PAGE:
Social media marketing might be the 21st century version of telemarketing, and in similar danger of alienating consumers.
A staggering 83% of users have a bad social media marketing experience, according to a global survey by Pitney Bowes. Marketers are at risk of turning customers away from their brand as a result of what consumers see as irritating online behaviour, the technology company said.
“Unlike other channels, social media provides access to consumers’ personal lives. It opens up an ongoing, personalised dialogue with them,” pointed out Simon Bird, general manager Australia and New Zealand, Pitney Bowes Software. Consequently, “there must be a balance between fostering ongoing relationships and being seen as a nuisance,” he added.
Marketers chase a growing large pot of gold at the end of the social media rainbow. In 2012, advertising netted US$8.8 billion, accounting for over half of the total revenue from social media. Worldwide, social media revenue is projected to double to US$34 billion by 2016, according to Gartner.
Given that, and mounting fatigue from social media and evident fatigue from social media marketers, Pitney Bowes commissioned the survey, asking consumers specifically for their worst social media marketing experiences.
Last August and September, Vanson Bourne surveyed 3,000 adult consumers across five international markets (U.K., France, Germany, Australia and the U.S.) and conducted online interviews with 300 senior marketing decision-makers working in business-to-consumer organisations in seven economic sectors (Retail, Insurance, Retail Banking, Utilities, Telecoms, FMCG and the Public Sector).
Here are some major findings:
- 34% of Australians believe they are spammed by social media marketing
- 23% find pop-up adverts irritating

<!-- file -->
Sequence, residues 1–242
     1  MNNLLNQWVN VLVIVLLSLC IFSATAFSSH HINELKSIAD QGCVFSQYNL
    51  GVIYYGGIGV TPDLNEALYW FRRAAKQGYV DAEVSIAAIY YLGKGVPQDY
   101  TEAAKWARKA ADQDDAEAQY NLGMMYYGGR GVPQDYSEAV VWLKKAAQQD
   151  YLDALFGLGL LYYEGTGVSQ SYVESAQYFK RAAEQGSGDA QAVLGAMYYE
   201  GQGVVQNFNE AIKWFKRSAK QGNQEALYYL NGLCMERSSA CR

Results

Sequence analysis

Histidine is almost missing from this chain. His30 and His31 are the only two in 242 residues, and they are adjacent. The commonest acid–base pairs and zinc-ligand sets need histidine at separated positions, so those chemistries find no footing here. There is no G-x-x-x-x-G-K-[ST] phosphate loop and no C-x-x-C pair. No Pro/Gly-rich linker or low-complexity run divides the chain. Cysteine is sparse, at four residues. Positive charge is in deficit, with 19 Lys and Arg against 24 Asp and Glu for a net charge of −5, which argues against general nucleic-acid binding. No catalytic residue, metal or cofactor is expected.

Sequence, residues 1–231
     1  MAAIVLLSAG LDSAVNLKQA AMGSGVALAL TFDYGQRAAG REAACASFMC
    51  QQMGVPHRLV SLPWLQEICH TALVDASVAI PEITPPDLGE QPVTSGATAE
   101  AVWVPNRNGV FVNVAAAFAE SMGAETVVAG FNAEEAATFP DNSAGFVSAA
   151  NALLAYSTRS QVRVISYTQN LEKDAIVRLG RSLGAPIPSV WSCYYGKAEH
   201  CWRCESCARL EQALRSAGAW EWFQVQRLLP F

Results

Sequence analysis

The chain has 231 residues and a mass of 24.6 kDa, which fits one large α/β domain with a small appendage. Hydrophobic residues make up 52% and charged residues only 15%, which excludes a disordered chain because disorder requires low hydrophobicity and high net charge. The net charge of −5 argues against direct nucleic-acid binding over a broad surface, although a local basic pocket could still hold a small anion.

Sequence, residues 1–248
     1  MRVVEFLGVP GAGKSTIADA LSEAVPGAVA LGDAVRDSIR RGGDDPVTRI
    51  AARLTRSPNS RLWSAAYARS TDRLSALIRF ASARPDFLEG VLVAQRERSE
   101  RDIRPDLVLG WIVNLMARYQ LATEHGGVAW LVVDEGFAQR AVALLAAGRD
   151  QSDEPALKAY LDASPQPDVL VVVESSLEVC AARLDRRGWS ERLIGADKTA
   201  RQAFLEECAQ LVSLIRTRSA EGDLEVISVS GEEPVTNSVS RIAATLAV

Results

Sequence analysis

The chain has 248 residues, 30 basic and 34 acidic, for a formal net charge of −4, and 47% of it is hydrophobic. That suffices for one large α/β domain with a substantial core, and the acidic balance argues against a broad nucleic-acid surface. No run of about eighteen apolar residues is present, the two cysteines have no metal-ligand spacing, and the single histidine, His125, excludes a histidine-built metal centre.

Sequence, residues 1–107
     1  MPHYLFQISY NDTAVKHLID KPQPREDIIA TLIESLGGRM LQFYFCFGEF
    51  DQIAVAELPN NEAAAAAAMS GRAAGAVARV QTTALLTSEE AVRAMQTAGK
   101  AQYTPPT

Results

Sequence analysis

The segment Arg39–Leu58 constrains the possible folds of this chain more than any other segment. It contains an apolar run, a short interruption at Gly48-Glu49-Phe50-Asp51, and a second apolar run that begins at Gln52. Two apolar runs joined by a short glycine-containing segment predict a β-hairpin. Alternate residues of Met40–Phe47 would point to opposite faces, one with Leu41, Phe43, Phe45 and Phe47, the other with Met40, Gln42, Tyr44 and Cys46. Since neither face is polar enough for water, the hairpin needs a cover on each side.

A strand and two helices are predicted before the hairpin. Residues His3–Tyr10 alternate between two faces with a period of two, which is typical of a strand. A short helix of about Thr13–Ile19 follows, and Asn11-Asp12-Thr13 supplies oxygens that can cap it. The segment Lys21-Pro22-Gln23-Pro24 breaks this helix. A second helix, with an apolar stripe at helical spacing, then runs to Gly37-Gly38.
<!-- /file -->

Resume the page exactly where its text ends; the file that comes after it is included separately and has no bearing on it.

- 14% said ads or promotions for products/services were not personally tailored to their interests
- 6% were hacked while providing information
- 6% said they were annoyed by friends sending frequent ‘recommendations’
- 17% said they haven’t had a bad experience.
What social media marketers need are subtlety and sensitivity, rather than in-your-face bombardment.
“For social media marketers, annoying customers can mean lost revenue,” said Bird. “In the survey, 65% of consumers said they’d stop using a brand that upset or irritated them through its social media behaviour. That’s a pretty big deal considering the survey showed social media activity is estimated to be 25% of marketing budgets in 2013.”
Saying it is critical for marketers to develop an in-depth understanding of their customers’ communications preferences, Pitney Bowes offered a few tips to avoid the pitfalls of social media marketing, while maintaining the benefits.
1. Don’t post too often. “Many brands are guilty of posting too often. Three to four posts (plus engagement) per week is all it takes for most brands to grow audiences and capture leads on Facebook.”
2. Post original content. “It’s generally accepted that at least some of your social content should be original…If your brand only pulls content from other sources, why should I follow you and not the company creating the content?”
3. Tailor your posts. “LinkedIn allows marketers to leverage the power of segmentation with its targeting options, and on Google+, marketers can add targeted names or circles to each update.”
4. Reward customer loyalty. “Offer discounts, promotions or specials to not only encourage customers to keep using your products, but also to inspire them to keep interacting with your business on social media sites.”
5. Take advantage of customer feedback. “Whether positive or negative, it’s always important to listen to customer feedback. Take time to read consumer comments on your Facebook page. If it’s negative you can make some changes, but if it’s positive then you know you’re on the right track.”
* Image: Wikimedia Commons